LA Times’s Latest High-Speed Hypocrisy
Latest article blames high-speed rail for every ill in the Central Valley, from rodents to drug addiction
Rodents, bugs, asbestos, drug deals, arson. Those are all parts of the “trail of grief among the disadvantaged of the San Joaquin Valley” caused by California’s bullet train project, according to the L.A. Times’s Ralph Vartabedian, the paper’s chief anti-high-speed rail propagandist.
Even for Vartabedian, last week’s hit piece was unbelievably one-sided and absurd.
Of course, the Central Valley had drugs, unemployment, and bad air quality long before high-speed rail construction began. A lot of those problems were exacerbated by the decision to bypass the cities of the Central Valley when the state built Interstate 5 in the 1960s.
High-speed rail is designed to serve the cities of the Central Valley in part to help address those problems. As Chuck Riojas, Executive Director of the Fresno Madera Tulare Kings Building Trades Council put it when Streetsblog toured the construction in the Central Valley last month, the jobs generated by the project have already “pretty much saved the Valley.”
Vartabedian’s one-sided piece fails to notice the benefits of rail construction, while finding plenty of issues caused by the current (and future) construction of hundreds of miles of the two-track high-speed rail mainline.
All large construction projects have impacts. Rail is fairly compact – especially in comparison to automotive infrastructure – but if one searches (as Vartabedian clearly has) one can find adverse impacts. The CA High-Speed Rail Authority has minimized impacts by siting most of the alignment along existing rail and utility corridors (as seen in the photo above).
It’s a pernicious double standard that the L.A. Times has focused on construction impacts from a new rail line 200 miles away, while ignoring worse transportation construction impacts in Southern California. Streetsblog Los Angeles’ Joe Linton seems to be the only reporter covering the displacement and pollution caused by L.A. County’s numerous freeway widening projects – and their ‘trail of grief’ among L.A.’s disadvantaged. Linton has exposed these excesses, and amplified the voices of L.A. communities fighting these projects. But the L.A. Times has a history of critiquing rail (for issues including cost overruns) while ignoring similar issues with highway projects.
And if anti-HSR forces have their way, rail money would be transferred to freeway widening, as reported in the Central Valley’s The Sun. How many people would be displaced by the freeway lanes that would be required to equal the capacity of the rail line now under construction? And if freeways are widened instead, more vehicle traffic will lead to more air pollution.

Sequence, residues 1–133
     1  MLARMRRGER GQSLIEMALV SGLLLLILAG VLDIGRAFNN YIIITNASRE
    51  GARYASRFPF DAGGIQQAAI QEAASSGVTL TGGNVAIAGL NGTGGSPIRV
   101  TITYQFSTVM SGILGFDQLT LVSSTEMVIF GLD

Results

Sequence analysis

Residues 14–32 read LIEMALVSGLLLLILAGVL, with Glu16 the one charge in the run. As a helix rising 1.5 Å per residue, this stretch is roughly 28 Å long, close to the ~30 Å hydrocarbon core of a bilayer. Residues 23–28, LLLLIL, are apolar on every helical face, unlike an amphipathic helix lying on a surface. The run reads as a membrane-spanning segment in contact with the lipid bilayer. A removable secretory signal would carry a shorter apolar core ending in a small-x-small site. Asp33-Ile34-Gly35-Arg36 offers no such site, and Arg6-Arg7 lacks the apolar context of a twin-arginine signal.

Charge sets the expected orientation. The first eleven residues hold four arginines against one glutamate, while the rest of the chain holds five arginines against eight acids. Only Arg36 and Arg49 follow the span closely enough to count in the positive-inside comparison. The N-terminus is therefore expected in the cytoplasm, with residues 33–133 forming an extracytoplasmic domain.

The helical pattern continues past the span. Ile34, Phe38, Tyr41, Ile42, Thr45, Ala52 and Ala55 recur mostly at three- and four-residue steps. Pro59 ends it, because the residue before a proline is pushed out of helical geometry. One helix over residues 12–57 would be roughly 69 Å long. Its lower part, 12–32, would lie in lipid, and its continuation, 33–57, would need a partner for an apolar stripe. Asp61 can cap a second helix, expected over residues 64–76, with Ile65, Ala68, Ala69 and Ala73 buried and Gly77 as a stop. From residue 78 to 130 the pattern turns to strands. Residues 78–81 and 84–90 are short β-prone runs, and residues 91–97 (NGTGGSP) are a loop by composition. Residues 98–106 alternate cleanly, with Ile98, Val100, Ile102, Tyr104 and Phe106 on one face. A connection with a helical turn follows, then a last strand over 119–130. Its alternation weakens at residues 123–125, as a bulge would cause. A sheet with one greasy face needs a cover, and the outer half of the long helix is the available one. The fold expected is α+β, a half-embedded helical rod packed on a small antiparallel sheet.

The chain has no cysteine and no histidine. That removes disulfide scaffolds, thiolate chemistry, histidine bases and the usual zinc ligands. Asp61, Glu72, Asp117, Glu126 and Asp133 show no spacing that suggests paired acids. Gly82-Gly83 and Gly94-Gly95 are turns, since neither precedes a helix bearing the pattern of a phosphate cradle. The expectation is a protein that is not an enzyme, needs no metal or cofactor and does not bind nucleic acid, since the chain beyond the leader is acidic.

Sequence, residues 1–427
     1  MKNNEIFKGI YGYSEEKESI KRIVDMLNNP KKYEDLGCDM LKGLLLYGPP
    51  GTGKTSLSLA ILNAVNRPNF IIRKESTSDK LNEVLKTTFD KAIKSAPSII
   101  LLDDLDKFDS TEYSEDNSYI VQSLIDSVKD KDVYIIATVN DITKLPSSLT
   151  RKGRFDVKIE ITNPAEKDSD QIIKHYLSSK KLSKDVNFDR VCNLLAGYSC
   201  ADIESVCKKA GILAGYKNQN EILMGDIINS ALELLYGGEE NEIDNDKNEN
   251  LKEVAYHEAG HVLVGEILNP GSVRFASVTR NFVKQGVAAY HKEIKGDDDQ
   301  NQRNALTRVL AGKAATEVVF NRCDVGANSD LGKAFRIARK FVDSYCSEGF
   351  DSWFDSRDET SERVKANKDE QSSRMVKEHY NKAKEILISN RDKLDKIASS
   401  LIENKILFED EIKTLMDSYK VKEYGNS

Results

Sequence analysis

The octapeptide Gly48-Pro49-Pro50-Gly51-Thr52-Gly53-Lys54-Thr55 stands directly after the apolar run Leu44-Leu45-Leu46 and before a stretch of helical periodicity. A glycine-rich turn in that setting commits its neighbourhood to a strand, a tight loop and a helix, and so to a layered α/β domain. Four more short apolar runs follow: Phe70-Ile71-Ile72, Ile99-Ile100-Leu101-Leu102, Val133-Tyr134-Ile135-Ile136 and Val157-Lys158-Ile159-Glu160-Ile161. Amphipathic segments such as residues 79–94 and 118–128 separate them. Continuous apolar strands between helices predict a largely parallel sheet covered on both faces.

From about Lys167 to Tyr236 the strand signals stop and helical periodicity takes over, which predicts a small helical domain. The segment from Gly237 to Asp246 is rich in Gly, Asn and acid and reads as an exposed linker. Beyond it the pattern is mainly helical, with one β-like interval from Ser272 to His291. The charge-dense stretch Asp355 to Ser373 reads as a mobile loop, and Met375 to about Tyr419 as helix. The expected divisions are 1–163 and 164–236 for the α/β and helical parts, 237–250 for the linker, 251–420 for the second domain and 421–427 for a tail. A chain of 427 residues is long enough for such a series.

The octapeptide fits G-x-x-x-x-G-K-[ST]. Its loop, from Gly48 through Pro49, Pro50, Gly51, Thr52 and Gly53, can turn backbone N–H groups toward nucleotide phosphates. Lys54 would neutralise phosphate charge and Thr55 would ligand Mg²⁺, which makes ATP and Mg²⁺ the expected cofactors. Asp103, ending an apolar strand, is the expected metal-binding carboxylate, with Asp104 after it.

Then there’s another double standard in Vartabedian‘s story:
In one of its biggest political compromises, the rail authority agreed to delete two sets of tracks and viaducts over 50 miles through the wealthy communities of Silicon Valley after residents mobilized a campaign, backed by local, state and federal politicians. The changes will translate into a slower bullet train, forcing it to share ground-level tracks with the Caltrain commuter rail system. It also saved a lot of money.
Here Vartabedian contrasts CAHSRA’s supposed harm to low-income Central Valley communities with the Authority’s compromise with rich peninsula communities. (Indeed, it is a shame that the Authority was unable to widen and improve that existing alignment into a four-track mainline with full grade-separation. Such improvements would have allowed for more frequent service and safer operations for both high-speed rail and Caltrain, although the speed difference is minimal.)
But where was Vartebedian when the Peninsula compromise was being planned? Actually, he was a participant, cheer-leading those same rich Peninsula communities.
Google “LA Times and Elizabeth Alexis.” Alexis is a co-founder of Californians Advocating Responsible Rail Design (CAARD) – a key representative of what Vartabedian now characterizes as the politically powerful, wealthy, and privileged communities of Silicon Valley. Vartabedian wrote some 25 pieces that are essentially press releases from CAARD. Back then he identified them as objective and innocent high-speed rail watchdogs and critics.
If ten years ago Vartabedian had identified Alexis and her colleagues on the Peninsula as people with “political connections and money,” instead of watchdogs, maybe they would have failed to force a compromise on the Caltrain mainline. But now, according to Vartabedian, opponents on the Peninsula are part of a politically privileged class who get what they want because they’re rich, while the state sticks it to the poor of the Central Valley?
Sorry Ralph, but pick your narrative.